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Contentions

Peace in Our Time

This morning the Wall Street Journal reported that the United States is thinking of ways of formally ending the Korean War, which was started in June 1950 by Kim Il Sung, the father of Kim Jong Il. An armistice in 1953 ended the fighting, but no peace treaty was ever signed.

The article also notes that Washington is seeking to create a permanent organization to handle security concerns in North Asia, something similar to the Association of Southeast Asian Nations or the Organization for Security and Cooperation in Europe. The concept is that, if North Korea can be disarmed, there is a possibility of maintaining peace through continual dialogue in an official body.

Since the end of hostilities in Korea, military alliances have remained in place. On one side, China and North Korea are each other’s only formal military ally. On the other, there are American mutual defense treaties with South Korea and Japan. The Journal reports that Washington planners are concerned that if the North Korean threat disappears, the main justification for the two American alliances ends.

Memo to the Bush administration: If North Korea were to give up all its nuclear weapons, all of its missiles, and every last ounce of plutonium tomorrow—a pleasing thought, but don’t hold your breath—Seoul and Tokyo would still want the protection of the American military. The Koreans and Japanese each perceive the Chinese, the local hegemons, as a threat. The border between Korea and China has moved hundreds of miles in each direction over the last half millennium, and even today it is not stable. China and Japan, which also have a tradition of warfare against each other, currently have territorial disputes involving islands and huge portions of waters. Moreover, the Koreans and Japanese are not on good terms with each other, due to recent grievances piled on top of ancient historical reasons.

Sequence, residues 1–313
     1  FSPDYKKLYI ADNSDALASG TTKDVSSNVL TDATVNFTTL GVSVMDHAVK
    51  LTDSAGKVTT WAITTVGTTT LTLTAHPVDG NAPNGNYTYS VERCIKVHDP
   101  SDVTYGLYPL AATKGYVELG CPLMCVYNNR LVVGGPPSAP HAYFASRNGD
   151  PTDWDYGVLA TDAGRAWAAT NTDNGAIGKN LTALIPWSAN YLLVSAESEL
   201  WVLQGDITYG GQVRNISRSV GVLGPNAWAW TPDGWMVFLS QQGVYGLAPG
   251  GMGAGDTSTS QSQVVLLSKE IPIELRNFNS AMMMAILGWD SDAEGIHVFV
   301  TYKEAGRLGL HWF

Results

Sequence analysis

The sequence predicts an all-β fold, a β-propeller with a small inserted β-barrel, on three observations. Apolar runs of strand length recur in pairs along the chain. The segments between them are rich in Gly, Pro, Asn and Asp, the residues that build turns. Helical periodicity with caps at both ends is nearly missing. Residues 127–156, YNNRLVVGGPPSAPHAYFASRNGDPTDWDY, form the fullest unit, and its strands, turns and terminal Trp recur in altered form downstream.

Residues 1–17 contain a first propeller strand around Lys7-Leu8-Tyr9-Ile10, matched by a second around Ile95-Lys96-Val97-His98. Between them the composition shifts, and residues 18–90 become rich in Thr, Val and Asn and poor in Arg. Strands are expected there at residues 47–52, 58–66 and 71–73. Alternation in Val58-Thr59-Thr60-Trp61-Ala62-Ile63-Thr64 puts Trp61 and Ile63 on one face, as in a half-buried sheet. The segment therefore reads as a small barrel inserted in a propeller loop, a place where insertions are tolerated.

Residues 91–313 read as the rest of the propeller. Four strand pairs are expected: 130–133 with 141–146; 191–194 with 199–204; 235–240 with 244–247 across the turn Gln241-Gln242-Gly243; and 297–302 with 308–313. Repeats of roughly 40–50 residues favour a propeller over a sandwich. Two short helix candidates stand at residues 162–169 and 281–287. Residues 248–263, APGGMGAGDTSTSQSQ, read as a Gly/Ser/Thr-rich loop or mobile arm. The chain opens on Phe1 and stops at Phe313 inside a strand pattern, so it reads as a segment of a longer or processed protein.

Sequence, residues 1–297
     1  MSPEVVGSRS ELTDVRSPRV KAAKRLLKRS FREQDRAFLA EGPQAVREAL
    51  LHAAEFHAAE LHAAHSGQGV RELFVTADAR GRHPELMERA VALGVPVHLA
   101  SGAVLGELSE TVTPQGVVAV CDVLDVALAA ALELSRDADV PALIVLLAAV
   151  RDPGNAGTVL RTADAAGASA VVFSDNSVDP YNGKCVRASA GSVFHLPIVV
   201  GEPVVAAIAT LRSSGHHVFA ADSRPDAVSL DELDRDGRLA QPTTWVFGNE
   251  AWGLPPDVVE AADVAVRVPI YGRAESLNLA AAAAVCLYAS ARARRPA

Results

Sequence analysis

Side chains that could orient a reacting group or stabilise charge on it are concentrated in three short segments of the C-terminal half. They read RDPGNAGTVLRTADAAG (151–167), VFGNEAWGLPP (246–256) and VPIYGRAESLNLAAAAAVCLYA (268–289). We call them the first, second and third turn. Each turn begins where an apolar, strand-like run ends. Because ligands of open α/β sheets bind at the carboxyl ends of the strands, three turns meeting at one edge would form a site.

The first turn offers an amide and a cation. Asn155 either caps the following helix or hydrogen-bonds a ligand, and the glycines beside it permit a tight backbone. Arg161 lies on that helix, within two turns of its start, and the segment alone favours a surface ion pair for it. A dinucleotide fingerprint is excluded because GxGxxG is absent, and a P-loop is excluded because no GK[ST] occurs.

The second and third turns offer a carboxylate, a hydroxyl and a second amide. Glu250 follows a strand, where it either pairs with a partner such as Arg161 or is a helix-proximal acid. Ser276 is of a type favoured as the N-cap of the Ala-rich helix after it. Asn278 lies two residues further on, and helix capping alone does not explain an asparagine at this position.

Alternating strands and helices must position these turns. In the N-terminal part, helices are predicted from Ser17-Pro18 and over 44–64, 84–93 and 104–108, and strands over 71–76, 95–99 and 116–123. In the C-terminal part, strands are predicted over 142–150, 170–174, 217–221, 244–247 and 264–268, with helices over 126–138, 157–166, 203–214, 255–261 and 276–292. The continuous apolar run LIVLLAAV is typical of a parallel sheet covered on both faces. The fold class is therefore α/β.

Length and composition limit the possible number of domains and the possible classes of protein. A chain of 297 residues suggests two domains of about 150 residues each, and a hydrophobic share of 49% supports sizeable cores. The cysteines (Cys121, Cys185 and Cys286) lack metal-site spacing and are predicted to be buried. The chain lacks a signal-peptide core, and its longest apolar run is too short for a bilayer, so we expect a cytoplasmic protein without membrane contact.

It’s the United States, in the end, that maintains the peace in North Asia. Creating a permanent organization to give a greater voice to an increasingly assertive China will only make matters worse.


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